Editorial by Sue Ellen Riesau
Students living in Washington are lucky in that they are guaranteed an education. It is, indeed, written into the state’s constitution, which says it is the “paramount duty” of the state to make ample provision for the education of all children within its borders.
While other states have constitutional provisions related to education, no other state makes K-12 education its “paramount duty.”
A good thing for our students, but, like many good things, it comes with a cost. In the case of educating some 1 million students in more than 2,300 public schools, the price tag is staggering.
So, if the state is required to provide basic education to all students, why then, do school districts seek maintenance and operations levies, or Education Programs and Operations (EP&O) levies as they are now known, such as the one the one the Sequim School District is putting before voters on Feb. 12?
Washington school levies are the key to every district’s budgetary success.
In 1978, a major decision by the Washington Supreme Court found that school districts may use local tax levies to fund enrichment programs and other programs outside the legislative definition of “basic education.”
Levies have become a pivotal part of every district’s budget, paying for additional classroom teachers and support staff, transportation, extracurricular activities and special and gifted education. Federal dollars are a pittance. That puts the burden on local taxpayers to fill the gap through local levy dollars.
The current two-year Maintenance and Operation Levy, passed by voters in 2010, will expire on Dec. 31, 2013.
As with everything else, the cost of education goes up every year and it takes more funding to provide the same programs. And the hue and cry from the public certainly demands more from public education in terms of preparing students for life beyond the classroom.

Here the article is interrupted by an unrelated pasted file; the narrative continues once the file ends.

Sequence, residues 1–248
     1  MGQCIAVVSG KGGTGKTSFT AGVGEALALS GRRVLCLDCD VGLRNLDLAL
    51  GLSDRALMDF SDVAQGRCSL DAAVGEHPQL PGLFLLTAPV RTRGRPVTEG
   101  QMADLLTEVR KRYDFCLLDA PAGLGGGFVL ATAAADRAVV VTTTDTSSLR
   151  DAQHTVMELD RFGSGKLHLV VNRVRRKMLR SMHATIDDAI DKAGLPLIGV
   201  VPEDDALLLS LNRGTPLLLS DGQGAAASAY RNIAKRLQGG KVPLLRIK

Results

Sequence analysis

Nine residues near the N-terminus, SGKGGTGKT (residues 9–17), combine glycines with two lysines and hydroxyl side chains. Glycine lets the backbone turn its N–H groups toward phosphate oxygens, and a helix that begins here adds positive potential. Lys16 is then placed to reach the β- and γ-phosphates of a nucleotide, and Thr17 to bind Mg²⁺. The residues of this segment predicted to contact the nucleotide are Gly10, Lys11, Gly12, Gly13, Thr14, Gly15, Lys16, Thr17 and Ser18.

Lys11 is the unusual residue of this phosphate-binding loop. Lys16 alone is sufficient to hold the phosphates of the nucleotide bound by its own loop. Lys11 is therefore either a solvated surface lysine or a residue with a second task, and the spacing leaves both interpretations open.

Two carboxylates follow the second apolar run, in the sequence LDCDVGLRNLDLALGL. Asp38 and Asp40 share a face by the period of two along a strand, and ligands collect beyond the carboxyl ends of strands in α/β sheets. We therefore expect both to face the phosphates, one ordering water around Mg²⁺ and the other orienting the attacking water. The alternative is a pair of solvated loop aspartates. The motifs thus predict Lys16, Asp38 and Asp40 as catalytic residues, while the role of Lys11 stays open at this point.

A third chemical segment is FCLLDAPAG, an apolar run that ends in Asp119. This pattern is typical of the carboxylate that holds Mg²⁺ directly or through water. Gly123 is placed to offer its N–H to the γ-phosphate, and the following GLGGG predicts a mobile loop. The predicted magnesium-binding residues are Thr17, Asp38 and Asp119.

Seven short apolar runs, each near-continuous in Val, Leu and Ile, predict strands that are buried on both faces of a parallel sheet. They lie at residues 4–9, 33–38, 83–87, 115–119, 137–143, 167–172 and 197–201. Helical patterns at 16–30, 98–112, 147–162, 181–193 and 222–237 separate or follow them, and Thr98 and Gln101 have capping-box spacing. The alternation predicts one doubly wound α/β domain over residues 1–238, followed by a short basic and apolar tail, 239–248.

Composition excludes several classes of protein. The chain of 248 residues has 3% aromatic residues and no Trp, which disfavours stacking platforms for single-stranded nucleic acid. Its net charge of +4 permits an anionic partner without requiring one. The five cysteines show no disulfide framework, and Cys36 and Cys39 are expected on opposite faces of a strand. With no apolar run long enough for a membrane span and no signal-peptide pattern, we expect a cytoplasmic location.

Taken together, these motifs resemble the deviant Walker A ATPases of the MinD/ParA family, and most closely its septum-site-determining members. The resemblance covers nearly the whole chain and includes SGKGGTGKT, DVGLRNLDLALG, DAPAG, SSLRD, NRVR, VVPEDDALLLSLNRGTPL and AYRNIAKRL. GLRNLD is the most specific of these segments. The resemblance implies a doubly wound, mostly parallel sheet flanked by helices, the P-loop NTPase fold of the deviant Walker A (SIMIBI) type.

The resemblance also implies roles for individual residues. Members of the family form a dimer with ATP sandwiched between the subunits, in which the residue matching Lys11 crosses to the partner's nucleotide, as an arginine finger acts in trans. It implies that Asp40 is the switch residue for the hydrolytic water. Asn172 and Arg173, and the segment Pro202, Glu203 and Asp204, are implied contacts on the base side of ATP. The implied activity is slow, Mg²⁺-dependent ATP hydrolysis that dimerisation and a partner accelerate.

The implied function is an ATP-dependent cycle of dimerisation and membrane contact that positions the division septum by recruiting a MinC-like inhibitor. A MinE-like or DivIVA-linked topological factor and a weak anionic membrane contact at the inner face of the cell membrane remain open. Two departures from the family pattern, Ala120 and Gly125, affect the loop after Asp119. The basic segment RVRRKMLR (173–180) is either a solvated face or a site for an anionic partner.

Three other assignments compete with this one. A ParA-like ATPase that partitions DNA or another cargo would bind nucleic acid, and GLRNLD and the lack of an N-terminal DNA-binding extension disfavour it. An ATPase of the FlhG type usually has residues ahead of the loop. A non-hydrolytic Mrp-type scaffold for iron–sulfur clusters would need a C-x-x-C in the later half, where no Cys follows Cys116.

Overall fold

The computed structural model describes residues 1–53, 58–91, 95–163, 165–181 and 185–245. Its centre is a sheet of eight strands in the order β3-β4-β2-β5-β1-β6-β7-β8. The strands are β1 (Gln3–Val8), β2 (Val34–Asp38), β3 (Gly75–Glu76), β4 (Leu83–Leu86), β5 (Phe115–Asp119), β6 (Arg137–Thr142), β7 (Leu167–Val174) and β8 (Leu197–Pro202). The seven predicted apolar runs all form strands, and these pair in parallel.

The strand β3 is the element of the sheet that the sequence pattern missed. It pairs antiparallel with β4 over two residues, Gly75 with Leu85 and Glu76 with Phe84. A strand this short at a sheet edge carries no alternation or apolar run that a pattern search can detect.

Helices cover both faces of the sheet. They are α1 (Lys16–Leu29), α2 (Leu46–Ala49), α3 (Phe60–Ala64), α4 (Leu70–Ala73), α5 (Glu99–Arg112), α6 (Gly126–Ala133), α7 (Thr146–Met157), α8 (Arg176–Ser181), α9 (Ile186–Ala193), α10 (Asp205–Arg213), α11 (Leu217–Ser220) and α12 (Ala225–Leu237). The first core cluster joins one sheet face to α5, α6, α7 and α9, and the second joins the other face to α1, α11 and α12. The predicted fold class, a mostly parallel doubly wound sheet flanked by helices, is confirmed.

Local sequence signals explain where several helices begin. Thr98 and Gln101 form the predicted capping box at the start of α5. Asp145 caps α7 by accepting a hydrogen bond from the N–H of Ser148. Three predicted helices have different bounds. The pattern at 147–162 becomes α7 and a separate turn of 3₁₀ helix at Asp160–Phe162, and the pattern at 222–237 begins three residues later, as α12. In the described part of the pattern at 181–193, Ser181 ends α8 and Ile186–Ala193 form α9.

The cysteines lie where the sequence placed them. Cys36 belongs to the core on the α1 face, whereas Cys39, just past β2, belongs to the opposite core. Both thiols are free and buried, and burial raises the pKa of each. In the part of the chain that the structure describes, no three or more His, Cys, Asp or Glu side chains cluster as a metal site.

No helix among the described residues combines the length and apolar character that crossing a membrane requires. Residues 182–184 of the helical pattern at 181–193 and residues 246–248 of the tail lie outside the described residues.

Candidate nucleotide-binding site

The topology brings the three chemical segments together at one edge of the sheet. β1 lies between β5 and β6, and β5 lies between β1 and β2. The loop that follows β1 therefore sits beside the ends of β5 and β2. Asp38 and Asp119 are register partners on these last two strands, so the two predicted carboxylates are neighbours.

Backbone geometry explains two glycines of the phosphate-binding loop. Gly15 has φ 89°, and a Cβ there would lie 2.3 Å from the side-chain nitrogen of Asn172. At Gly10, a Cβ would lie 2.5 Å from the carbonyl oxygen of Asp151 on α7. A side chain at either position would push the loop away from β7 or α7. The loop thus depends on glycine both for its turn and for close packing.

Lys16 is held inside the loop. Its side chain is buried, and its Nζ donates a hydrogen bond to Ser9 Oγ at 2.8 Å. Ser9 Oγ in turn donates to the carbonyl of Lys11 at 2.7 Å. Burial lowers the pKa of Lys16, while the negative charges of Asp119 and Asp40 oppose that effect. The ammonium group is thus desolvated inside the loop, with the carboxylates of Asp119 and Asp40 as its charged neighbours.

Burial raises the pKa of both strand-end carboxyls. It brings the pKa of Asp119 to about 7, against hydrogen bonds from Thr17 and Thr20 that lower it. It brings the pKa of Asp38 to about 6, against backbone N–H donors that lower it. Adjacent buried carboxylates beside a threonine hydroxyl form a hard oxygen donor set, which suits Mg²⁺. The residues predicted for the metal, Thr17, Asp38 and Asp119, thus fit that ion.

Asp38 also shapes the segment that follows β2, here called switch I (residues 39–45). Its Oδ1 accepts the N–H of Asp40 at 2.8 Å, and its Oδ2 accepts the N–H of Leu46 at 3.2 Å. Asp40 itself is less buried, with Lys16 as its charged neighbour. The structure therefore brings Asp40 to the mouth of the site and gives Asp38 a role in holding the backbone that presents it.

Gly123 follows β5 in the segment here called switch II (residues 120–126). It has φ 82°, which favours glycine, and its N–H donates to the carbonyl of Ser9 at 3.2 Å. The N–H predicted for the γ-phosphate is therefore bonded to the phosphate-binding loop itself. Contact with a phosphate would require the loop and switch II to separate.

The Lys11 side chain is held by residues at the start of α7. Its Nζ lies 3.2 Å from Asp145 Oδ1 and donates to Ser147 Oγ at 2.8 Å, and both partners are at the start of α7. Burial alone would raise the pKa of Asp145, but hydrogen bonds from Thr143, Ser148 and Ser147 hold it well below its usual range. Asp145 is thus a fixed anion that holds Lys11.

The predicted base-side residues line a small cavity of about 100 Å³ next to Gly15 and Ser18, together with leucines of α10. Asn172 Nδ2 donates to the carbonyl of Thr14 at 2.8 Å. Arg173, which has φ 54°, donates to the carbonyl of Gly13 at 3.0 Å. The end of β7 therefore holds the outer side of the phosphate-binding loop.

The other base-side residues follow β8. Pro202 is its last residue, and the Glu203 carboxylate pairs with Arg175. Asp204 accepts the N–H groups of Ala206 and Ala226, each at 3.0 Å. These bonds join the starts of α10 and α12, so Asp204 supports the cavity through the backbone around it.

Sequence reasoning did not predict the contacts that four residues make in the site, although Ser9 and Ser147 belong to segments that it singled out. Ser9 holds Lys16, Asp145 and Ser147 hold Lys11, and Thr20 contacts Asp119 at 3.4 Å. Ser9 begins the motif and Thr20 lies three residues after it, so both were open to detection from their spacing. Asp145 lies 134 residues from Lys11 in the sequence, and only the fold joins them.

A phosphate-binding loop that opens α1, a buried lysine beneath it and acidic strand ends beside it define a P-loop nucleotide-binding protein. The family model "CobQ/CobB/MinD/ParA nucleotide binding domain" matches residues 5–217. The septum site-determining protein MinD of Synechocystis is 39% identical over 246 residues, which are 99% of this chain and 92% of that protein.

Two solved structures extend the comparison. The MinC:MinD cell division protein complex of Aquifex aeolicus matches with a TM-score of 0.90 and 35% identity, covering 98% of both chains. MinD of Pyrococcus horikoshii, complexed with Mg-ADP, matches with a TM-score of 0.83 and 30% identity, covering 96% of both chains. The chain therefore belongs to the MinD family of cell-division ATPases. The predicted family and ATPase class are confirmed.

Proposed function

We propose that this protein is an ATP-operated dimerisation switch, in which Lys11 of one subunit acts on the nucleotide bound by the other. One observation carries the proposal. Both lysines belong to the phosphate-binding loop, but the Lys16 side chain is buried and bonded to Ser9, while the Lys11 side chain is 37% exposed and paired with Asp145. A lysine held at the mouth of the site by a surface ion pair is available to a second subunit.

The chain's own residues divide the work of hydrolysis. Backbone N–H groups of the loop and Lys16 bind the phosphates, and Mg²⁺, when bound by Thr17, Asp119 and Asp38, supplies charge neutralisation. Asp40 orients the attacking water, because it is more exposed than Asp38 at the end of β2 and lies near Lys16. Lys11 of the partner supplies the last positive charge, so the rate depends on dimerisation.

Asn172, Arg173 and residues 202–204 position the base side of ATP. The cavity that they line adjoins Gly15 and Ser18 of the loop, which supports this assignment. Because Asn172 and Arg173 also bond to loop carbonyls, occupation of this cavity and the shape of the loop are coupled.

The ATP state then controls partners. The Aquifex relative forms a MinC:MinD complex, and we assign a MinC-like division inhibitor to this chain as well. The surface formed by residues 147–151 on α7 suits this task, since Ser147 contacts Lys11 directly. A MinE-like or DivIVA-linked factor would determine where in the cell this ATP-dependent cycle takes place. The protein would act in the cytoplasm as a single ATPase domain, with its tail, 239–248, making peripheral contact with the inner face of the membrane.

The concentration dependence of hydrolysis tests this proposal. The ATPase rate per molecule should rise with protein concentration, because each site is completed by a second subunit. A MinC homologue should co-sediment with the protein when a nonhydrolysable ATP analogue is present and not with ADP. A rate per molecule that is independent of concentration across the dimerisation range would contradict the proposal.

In January 2010 (the last time the school district mounted an M&O Levy), Eric Lewis, CEO of Olympic Medical Center, stated in a guest opinion, “It is our experience that the single most important selection criterion for a doctor and his or her family is quality of community and schools. Interestingly, quality of schools often trumps all other community selection criteria. Our ability to recruit and retain quality physicians, R.N.s and other health care professionals is directly related to our ability to provide a quality educational experience for their children.”
Passing the levy will ensure the same high quality Sequim’s schools now enjoy. A school district with an excellent reputation is one of the community’s strongest selling points. We owe it to our children to give them the best education possible, to provide them the opportunities to excel in their future careers, to prepare them to compete in the global market.
Sequim voters have consistently said yes to the younger generation. They understand the importance of passing the baton.
Transportation Vehicle Levy …
At the same time the school district is asking support for a one-time-only, one-year Transportation Vehicle Fund Levy. This is a first for the Sequim School District and is courageously good planning, given the financially lean times we still are facing.
If citizens pass this $1.6 million levy, it will enable the district to get away from borrowing money (the district always has had to borrow money to purchase new buses) AND take advantage of the annual state depreciation reimbursements. Part of the pool of money that is regular school tax funding is set aside to reimburse schools for bus depreciation. Over the next two years the district has to buy 17 new buses and this levy positions the district to purchase buses without going into debt and then take advantage through saving those annual depreciation funds for future replacement.
It isn’t a simple explanation and anyone who wants a more in-depth update on what the state allows should call Brian Lewis, the school district’s business manager, at 582-3260 or visit the school district’s website at www.sequim.k12.wa.us//Domain/1, click on “Levy Q&A.”
Clallam is an all-mail ballot county. Ballots will be dropped in the mail today, Jan. 23. The final day to register to vote is Feb. 4. You may register to vote three ways: online, by mail or in person. Find instructions by clicking on the link at: https://wei.sos.wa.gov/county/clallam/en/Elections/voterinformation/Pages/Register_to_vote.aspx.
When you receive your ballot, please take the time to get your questions or concerns answered. And most importantly, take the time to vote.
Healthy Schools = Healthy Communities.